SACE Stage 2 Review Report released
IEU members provided a substantial input to the most recent SACE Review and were hoping for more concrete outcomes than when they responded to the 2012 Review. The difficulty SACE has is being all things to all people and being tied into a flawed ATAR system that has traditionally prompted poor subject choices.
The competing interests of discipline rigour, flexibility, languages & humanities enrolments, 21st century skill sets, VET and personal relevance have been recognised, but not solved.
The report contains a set of 17 recommendations. How and if those recommendations are taken up is yet to be determined. The most likely structural changes will be the 10 point Stage 2 compulsory Research Project being re-invented in Stage 1 with a 20 point Stage 2 optional offering being developed. This will make many of the IEU respondents happy as will the resulting impact on ATAR stage 2 subjects likely to default to 5 subjects at 20 points with the lowest result counting for half value toward the 90 point ATAR. The continued use of ATAR itself is under review as universities explore alternatives using school results and capabilities.
The rest of the recommendations tend to be aspirational. The extracts below taken from the report give the flavour of the discussion but the report and the recommendations need to be read in full and can be downloaded here
The future of the compulsory Stage 2 10-credit Research Project
As a compulsory 10-credit requirement at Stage 2, the Research Project impacts on the required number of Stage 2 subjects, i.e. usually three 20-credit subjects at C– or better plus the Research Project for South Australian Certificate of Education (SACE) completion, and essentially four 20-credit subjects at C- or better plus the Research Project for the ATAR. Therefore, any recommendation about the number of Stage 2 subjects needs to begin with the Research Project, which was introduced in 2011 and effectively replaced the fifth Stage 2 subject in many schools (Cossey et al. 2012).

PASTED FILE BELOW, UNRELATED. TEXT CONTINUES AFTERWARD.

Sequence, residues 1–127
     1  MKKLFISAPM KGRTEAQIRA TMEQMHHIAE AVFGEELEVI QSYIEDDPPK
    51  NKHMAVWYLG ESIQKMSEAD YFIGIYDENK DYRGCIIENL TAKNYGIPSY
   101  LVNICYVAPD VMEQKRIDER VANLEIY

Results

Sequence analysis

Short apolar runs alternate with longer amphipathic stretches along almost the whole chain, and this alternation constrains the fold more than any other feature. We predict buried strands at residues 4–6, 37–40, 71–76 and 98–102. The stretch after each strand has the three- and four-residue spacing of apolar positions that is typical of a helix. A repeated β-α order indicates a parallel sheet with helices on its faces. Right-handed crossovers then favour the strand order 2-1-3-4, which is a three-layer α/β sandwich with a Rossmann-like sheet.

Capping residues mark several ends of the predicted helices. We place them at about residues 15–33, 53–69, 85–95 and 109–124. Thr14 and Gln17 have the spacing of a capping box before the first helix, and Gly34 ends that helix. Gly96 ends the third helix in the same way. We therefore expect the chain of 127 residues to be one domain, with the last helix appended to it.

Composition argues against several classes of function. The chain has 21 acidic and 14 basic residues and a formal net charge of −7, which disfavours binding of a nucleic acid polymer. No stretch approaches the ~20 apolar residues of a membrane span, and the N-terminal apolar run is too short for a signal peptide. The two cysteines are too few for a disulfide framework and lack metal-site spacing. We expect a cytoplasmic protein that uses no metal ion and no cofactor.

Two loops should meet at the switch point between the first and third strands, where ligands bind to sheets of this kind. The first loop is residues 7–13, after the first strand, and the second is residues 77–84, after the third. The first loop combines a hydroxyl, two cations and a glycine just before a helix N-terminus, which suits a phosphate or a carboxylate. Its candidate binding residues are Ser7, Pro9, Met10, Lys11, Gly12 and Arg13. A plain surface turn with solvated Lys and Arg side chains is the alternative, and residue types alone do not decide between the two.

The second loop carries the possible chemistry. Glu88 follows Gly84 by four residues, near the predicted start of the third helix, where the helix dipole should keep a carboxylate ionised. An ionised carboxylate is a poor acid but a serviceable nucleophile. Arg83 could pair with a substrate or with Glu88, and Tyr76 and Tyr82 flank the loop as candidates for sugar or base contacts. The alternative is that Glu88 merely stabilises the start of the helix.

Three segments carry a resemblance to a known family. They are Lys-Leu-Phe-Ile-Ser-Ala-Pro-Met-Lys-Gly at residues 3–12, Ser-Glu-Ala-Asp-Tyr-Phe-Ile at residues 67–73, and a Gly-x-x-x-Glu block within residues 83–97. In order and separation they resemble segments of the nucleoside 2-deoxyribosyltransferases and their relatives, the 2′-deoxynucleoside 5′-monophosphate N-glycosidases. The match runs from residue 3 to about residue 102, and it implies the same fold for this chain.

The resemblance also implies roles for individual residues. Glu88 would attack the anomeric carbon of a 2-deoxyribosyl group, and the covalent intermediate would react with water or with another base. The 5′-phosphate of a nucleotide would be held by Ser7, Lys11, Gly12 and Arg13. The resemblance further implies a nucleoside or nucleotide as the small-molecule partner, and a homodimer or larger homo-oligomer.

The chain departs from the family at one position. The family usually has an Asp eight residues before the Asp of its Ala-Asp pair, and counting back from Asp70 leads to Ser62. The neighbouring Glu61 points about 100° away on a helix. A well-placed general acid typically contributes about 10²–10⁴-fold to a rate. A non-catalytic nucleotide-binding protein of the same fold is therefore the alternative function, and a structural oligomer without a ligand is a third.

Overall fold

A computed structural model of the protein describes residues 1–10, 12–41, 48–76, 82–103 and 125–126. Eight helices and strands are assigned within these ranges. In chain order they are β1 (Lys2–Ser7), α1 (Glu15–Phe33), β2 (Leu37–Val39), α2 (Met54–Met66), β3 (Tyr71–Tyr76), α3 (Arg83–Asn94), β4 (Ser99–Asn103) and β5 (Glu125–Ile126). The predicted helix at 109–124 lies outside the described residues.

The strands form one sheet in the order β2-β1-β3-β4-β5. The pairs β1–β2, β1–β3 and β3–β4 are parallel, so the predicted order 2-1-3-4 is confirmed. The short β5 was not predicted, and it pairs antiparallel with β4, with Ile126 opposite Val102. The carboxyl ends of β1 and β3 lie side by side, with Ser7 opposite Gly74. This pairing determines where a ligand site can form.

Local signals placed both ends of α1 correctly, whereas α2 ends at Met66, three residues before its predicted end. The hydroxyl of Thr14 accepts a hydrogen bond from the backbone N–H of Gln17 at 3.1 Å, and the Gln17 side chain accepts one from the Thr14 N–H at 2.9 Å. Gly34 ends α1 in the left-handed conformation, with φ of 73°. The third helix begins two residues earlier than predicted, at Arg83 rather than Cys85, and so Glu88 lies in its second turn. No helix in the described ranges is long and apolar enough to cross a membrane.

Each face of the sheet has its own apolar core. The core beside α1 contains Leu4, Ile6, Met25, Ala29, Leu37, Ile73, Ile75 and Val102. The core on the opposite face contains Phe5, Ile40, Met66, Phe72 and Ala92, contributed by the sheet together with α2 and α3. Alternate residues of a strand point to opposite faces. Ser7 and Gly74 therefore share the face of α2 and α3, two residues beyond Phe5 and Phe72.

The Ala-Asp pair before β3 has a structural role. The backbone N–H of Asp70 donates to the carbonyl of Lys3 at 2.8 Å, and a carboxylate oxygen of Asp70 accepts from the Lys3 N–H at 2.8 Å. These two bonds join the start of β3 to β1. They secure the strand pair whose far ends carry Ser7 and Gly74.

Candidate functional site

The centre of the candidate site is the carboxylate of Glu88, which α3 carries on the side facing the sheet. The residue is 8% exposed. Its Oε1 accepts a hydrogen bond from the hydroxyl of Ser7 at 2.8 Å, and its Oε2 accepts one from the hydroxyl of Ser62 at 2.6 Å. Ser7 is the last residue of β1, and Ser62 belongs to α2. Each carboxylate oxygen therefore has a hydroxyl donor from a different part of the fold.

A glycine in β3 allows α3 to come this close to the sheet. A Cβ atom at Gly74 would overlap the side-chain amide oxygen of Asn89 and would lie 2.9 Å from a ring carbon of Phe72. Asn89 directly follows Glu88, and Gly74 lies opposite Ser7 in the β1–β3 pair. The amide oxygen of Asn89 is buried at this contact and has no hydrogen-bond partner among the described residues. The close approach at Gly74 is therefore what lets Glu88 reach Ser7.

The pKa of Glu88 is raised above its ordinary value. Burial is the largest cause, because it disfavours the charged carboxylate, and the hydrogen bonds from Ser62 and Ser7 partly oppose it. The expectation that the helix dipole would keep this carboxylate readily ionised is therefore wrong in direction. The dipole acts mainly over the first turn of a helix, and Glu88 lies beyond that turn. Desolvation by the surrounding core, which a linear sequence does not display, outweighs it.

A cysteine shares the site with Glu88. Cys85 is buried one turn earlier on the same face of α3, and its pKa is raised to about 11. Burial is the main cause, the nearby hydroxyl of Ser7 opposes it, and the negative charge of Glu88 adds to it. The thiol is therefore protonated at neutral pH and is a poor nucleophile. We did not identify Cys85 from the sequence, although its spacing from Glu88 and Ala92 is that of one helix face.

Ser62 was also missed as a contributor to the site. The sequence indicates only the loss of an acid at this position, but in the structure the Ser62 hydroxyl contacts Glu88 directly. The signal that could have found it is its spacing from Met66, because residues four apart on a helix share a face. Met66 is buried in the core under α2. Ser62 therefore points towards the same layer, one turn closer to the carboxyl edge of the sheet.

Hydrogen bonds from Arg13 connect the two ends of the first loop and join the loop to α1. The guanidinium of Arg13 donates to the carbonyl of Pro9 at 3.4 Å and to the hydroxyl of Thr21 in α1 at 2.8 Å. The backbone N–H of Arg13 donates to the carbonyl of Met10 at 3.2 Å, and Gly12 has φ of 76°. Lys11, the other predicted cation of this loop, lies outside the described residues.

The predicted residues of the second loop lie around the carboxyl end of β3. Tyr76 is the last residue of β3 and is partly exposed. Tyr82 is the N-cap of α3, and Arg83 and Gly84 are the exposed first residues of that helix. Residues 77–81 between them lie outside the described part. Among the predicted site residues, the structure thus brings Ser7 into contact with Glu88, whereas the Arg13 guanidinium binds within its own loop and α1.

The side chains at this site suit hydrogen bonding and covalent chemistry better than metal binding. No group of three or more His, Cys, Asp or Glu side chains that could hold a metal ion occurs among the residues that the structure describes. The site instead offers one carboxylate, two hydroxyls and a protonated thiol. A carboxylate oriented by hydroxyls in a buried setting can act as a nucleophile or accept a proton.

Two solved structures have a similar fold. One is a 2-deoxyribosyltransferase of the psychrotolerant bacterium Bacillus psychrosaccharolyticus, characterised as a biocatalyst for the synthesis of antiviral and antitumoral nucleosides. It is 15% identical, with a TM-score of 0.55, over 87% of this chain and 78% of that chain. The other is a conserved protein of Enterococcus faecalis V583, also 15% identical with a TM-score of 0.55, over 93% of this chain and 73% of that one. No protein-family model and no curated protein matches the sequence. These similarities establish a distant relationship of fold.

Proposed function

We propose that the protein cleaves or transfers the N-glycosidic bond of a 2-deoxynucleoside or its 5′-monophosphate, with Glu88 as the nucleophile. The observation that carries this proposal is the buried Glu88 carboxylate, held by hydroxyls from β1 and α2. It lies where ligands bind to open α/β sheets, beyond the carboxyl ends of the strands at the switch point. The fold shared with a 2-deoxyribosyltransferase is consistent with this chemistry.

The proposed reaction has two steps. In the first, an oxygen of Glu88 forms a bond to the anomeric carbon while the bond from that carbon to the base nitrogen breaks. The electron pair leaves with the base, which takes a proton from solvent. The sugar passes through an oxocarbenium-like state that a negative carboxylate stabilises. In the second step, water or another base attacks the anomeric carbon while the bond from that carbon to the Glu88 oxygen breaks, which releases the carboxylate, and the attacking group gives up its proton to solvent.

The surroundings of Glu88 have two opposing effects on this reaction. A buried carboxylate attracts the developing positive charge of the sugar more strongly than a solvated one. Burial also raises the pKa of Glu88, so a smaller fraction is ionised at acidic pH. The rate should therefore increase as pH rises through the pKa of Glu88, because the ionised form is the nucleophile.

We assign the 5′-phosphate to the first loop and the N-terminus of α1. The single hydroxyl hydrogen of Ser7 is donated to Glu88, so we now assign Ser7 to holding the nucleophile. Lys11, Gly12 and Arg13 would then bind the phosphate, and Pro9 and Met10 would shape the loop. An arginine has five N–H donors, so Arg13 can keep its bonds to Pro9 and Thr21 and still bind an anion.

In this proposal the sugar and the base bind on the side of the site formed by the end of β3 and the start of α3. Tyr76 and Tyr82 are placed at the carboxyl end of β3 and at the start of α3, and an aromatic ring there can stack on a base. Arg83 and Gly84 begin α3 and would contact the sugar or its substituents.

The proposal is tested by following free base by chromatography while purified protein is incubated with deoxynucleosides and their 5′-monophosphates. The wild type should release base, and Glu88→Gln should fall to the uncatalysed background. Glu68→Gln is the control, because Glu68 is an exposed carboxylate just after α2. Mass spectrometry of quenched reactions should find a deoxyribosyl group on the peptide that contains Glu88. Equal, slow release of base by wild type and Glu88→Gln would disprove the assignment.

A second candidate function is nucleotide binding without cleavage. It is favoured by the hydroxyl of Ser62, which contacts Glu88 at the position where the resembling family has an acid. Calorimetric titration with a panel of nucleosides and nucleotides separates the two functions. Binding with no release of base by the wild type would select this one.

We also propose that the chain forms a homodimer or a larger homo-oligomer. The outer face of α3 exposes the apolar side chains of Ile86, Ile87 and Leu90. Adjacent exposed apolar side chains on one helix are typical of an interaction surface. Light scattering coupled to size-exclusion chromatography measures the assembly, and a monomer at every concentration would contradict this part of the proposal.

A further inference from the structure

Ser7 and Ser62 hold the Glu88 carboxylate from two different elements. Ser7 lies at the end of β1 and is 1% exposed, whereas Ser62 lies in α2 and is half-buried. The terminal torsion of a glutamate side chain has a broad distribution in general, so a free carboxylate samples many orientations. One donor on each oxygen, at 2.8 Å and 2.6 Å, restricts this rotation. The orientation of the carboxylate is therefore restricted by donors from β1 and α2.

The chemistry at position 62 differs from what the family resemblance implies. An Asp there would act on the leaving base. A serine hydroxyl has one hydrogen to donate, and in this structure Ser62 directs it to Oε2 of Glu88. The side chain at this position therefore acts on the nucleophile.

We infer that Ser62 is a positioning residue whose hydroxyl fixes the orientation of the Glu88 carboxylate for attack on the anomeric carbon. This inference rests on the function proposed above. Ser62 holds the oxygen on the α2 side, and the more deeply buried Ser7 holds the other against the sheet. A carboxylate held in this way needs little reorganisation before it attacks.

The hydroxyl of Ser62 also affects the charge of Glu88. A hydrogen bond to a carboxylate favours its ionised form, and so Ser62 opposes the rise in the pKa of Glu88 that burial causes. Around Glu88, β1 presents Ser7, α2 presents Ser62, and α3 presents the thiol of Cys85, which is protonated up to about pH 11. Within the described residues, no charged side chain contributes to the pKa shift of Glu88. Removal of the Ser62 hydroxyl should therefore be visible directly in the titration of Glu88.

The number of Stage 2 subjects for SACE completion and ATAR calculation
Respondents supported three Stage 2 20-credit subjects (plus 10 Stage 2 credits) at C- grade or better (or other combinations of 10 and 20 credit subjects) as appropriate for the SACE completion within the overall requirement of 200 credits. However, some school leaders, teachers, and families expressed concern that this number of subjects created a sense of part-time schooling and has led to increased attendance issues and disengagement. Others appreciated the original intention to make time in students’ busy lives for family commitments, part-time work, sporting and artistic pursuits, and leisure. For students on a vocational pathway and/or undertaking a traineeship or apprenticeship, it was suggested that the SACE Board explore the concept of 10-credit Stage 2 units that could be ‘stacked’ to create the necessary 70 credits. It was suggested that the SACE also needs to provide more appropriate recognition for traineeships and apprenticeships (see Section 3).
The ATAR calculation and impact on student subject choice
The ATAR itself is outside the terms of reference of this Review (see Appendix A) and the SACE Board’s remit, but it dominated the feedback because it was perceived as having such a negative impact on student subject selection and wellbeing. Almost all respondents saw the SACE and ATAR requirements as being the same thing or simply failed to distinguish that the two processes belong to different organisations (i.e. the SACE Board and SATAC). There was an overwhelming consensus across all groups about the negative impact of the ATAR on student choice and learning (see Figure 4).